Two years later, through a reading at a conference, I suddenly had three agent offers on the table, but I refused to rush. this time, I did as you said, Jody, and interviewed their authors, saw the kind of books they'd sold, and though it was so hard, I eventually came to a decision. Though the other two were fantastic, I chose the boutique agent in a small agency. And so far I haven't regretted it at all. Though she's very successful, she hasn't yet earned a cent from me, but it hasn't changed her enthusiasm. She more than supported my decision to leave Harlequin, and has worked with me to sell my second attempt at historical mainstream, has given great advice and never lost enthusiasm, has never been rude or tyrannical. I hope to stay with her throughout my career.

    Sorry this is anonymous; Google won't accept my name or password.

    Lisa Chaplin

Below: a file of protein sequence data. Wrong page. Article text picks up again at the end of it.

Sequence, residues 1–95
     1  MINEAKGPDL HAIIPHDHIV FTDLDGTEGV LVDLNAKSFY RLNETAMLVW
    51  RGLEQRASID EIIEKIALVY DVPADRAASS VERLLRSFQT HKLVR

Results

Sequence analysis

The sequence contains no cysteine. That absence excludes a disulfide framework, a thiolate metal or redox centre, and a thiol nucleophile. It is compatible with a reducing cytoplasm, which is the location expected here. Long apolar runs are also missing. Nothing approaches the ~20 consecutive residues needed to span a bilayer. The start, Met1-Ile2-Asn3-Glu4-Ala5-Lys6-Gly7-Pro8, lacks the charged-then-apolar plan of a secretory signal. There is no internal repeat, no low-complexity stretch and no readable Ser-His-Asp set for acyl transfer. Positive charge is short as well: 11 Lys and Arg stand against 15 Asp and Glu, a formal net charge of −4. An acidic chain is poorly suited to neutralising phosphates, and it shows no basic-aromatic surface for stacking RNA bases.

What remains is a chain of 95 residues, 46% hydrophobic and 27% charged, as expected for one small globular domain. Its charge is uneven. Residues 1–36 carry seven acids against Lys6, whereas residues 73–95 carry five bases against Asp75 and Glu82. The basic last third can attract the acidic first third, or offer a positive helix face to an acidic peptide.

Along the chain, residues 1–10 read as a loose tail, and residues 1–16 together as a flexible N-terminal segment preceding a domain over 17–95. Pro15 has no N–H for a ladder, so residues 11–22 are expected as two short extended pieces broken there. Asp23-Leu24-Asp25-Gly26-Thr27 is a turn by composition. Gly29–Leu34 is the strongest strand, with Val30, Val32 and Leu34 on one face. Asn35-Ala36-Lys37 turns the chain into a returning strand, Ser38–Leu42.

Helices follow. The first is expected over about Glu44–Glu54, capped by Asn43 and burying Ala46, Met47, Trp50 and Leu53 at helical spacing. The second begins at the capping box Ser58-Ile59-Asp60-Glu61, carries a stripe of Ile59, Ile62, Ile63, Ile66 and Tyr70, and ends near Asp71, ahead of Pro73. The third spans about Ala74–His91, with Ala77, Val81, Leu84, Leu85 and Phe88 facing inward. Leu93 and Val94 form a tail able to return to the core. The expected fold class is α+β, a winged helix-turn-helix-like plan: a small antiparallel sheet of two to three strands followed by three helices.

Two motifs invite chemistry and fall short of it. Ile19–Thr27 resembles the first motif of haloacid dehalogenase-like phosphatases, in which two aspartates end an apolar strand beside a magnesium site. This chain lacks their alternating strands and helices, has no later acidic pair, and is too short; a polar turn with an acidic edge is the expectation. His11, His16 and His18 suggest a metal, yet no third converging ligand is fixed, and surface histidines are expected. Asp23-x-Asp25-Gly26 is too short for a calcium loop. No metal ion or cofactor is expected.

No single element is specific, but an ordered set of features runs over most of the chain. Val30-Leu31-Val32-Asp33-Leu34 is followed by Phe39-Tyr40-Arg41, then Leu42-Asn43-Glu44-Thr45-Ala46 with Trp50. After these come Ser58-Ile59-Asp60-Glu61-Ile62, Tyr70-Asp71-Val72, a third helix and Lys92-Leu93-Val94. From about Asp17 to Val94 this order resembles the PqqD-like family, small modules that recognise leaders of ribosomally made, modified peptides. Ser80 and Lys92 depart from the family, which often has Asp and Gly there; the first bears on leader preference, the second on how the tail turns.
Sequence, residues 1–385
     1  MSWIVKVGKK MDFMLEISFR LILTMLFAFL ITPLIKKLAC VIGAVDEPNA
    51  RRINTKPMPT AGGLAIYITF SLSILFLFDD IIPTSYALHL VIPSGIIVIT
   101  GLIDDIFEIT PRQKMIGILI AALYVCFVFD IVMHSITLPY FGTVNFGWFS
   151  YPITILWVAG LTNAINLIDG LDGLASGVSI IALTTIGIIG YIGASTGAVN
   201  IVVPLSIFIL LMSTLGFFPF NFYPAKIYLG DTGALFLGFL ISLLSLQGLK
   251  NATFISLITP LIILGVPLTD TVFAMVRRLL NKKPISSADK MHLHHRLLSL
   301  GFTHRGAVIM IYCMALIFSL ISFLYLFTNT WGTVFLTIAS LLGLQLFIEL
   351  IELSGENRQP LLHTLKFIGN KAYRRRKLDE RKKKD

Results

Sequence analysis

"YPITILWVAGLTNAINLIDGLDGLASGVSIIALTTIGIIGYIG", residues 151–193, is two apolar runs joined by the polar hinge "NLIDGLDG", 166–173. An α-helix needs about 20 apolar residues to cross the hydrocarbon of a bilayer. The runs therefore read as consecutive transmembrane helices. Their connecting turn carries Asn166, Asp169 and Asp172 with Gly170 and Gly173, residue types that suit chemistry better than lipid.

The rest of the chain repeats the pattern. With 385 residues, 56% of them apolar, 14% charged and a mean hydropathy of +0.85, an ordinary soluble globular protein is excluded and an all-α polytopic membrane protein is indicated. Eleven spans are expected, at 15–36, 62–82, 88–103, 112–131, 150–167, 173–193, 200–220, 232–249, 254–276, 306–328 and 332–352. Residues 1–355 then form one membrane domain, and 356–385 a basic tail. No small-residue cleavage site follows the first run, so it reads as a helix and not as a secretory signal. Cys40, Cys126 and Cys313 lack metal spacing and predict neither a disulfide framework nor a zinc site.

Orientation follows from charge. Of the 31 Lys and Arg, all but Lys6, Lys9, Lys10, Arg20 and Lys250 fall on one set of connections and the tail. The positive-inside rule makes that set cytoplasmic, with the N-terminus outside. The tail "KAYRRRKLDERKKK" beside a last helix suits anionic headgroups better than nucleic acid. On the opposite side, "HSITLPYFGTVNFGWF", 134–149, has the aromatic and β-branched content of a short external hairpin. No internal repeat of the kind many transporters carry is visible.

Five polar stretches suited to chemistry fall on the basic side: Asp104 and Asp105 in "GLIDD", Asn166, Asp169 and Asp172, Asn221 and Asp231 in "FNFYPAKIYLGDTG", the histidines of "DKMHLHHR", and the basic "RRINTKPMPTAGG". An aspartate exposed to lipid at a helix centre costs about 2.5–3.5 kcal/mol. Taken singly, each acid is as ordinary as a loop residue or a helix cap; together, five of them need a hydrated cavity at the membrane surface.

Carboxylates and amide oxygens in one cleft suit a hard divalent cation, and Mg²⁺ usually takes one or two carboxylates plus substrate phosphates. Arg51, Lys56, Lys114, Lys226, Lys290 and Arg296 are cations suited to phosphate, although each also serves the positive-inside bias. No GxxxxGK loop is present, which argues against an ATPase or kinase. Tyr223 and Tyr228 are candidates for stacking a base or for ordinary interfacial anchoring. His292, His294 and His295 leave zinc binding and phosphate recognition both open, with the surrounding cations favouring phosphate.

1. So sorry you had trouble with google and leaving a comment! Seems to be happening more lately! But I do thank you for sharing your experience so that others can read it and learn from all you've experienced!

  9. I struck gold with my agent in 2008. I met her by accident - seriously. It's been wonderful. I love the agency too because they help promote. Just saying because all too often all we hear are the bad stories.

  10. I appreciate this post, Jody. I sometimes think that agent woes are brushed under the table a little more in Christian circles than secular ones because no one wants to make waves. In some ways that makes sense, but if there's a bad agent taking advantage of authors, then I do think that should be announced and authors warned. :-/